Earlier in the month, I watched “Bride of the Monster.” At the time, I not-so-boldly declared that Edward D. Wood Jr. was far from the worst director of all time. If this is true, and I think it is, the common belief that “Plan 9 from Outer Space” is the worst movie of all time is also a falsehood. This decision was decided by Harry and Michael Medved, who also hated a few other movies I like or at least find interesting. Though the Medveds are practically forgotten, and many other far worst directors and films have emerged in the years since, the stigma around Ed Wood and “Plan 9” have remained. No more. Let's talk about why “Plan 9” is, in fact, a worthwhile film.

The plot begins with an old man, so despondent after the death of his younger wife that he walks into traffic. At the same time, flying saucers are being spotted in the skies above Hollywood. Pilot Jeff Trent spots a saucer. He soon learns that the U.S. military is well aware of these crafts, having occasionally fired missiles at it. The alien invaders – led by Commander Eros – realize they must conquer Earth before they uncover a weapon so powerful it can destroy the universe. Their latest plan to take over the world, their ninth, involves resurrecting the dead. The old man, his wife, and a police inspector are among the first dead brought to life.

As I mentioned before, Ed Wood had a deeply weird sensibility. As in “Bride of the Monster,” “Plan 9” awkwardly mashes together classic horror tropes and sci-fi elements that were popular during that decade. So “Plan 9” is an alien invasion movie frequently set in graveyards, featuring ghouls and vampires dressed in black evening wear. This film features, by far, the most famous examples of Wood's memorably bizarre dialogue. Every other line in the movie – including like “It's hard to find something when you don't know what you're looking for” or assorted thoughts on stupid minds – is quotable. The decision to let sham psychic Criswell narrate the film allows the orator to deliver some truly staggering monologues, which are baffling, circular, and hilarious.

As beholden to the past as Wood's ideas are, in some ways, he was somewhat ahead of his time. There is an element of conspiracy to “Plan 9 from Outer Space.” The government knows about the aliens and have been covering their existence up. Apparently an entire town was destroyed by forces from outer space in the past, the entire incident expunged from the record. Conspiracy theories and government cover-ups like these wouldn't really come into vogue until the next decade. The film's ending is also surprisingly bleak. The aliens want to destroy humans because we are too violent, fated to destroy ourselves and everyone else. The “heroes” prove this by destroying the invaders, somewhat cruelly and senselessly. You wouldn't expect a movie from 1959 to accuse the U.S. government of underhanded deeds, of two-fisted heroes of being self-destructive jerks.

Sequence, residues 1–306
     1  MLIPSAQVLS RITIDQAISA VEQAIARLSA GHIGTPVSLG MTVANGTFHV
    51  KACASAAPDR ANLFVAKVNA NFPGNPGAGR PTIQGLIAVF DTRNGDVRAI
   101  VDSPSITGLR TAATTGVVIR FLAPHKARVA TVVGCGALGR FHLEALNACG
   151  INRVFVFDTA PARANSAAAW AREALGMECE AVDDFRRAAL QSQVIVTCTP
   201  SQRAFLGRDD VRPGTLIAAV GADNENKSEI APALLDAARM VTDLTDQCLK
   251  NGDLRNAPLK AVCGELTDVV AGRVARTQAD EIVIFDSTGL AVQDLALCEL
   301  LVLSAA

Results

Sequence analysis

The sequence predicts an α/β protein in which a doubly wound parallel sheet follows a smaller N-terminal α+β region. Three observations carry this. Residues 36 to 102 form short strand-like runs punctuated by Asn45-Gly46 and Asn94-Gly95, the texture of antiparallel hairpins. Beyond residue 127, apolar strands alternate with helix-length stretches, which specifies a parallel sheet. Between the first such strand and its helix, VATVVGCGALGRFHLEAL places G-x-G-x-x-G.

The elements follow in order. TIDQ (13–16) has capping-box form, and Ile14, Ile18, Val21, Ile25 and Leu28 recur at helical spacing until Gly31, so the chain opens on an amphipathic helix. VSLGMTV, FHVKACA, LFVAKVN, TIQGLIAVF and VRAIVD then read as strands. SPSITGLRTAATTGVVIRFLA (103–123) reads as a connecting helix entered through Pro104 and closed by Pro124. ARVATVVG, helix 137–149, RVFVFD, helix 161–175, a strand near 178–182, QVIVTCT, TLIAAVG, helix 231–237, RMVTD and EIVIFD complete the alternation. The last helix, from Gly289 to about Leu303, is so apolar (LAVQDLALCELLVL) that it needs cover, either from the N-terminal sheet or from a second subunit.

Many aspects of “Plan 9 from Outer Space” have been widely mocked over the years: The strange dialogue, the decision to replace a near-death Bela Lugosi with a deeply unconvincing body double, the limited acting abilities of Tor Johnson. The film's minuscule production values are likely the biggest target. People make fun of the pie-pan flying saucers and the cardboard tombstones. Yet I find these elements extremely charming. Despite a tiny budget, the movie's cinematography is actually quite good. The graveyard scenes have a lot of fog, feeling like a small town theater's attempt to replicate classically spooky imagery. As much as people mock the film, some of its images have even become iconic. Since so few of her shows actually survive, this film is where most people saw Vampira for the first time. Her signature look – tiny waist, deep cleavage, pale skin, raven hair – certainly made a lasting impact on pop culture.

Ed Wood's epic obviously has flaws. The leaps within the film's time line can induce whiplash. People are entombed seemingly within minutes, while the military's actions involving the UFOs shifts from scene to scene. Obviously the story is strange and borderline incoherent. Once again, neither of these issues prevent the movie from being entertaining. Many of the film's flaws only enhance its entertainment value. While “Plan 9” still resides in the bottom 100 over at IMDb, I'd like to think people who appreciate the movie outnumber those that don't. After all, it did spawn a computer and a remake of sorts. I imagine lots of people start watching it, expecting the worst movie of all time, and actually find an utterly amusing slice of cheese that never drags and always fascinates. [7/10]

Peeping Tom (1960)

I don't know if anyone reading this pays attention to the meticulously organized tags I apply to each blog post. If you do, you probably notice that I throw the term “classic horror” around quite a bit. But “classic” is a mutable term. How does one define when the era of classic horror ends and the modern era begins? That's an easy question for me to answer. 1960 is the year two horror masterpieces were released, completely shattering the conceptions of what the genre was capable of and moving it once and for all into the modern day. Those films were Alfred Hitchcock's “Psycho” and what is often thought of as its British counterpart: Michael Powell's “Peeping Tom.”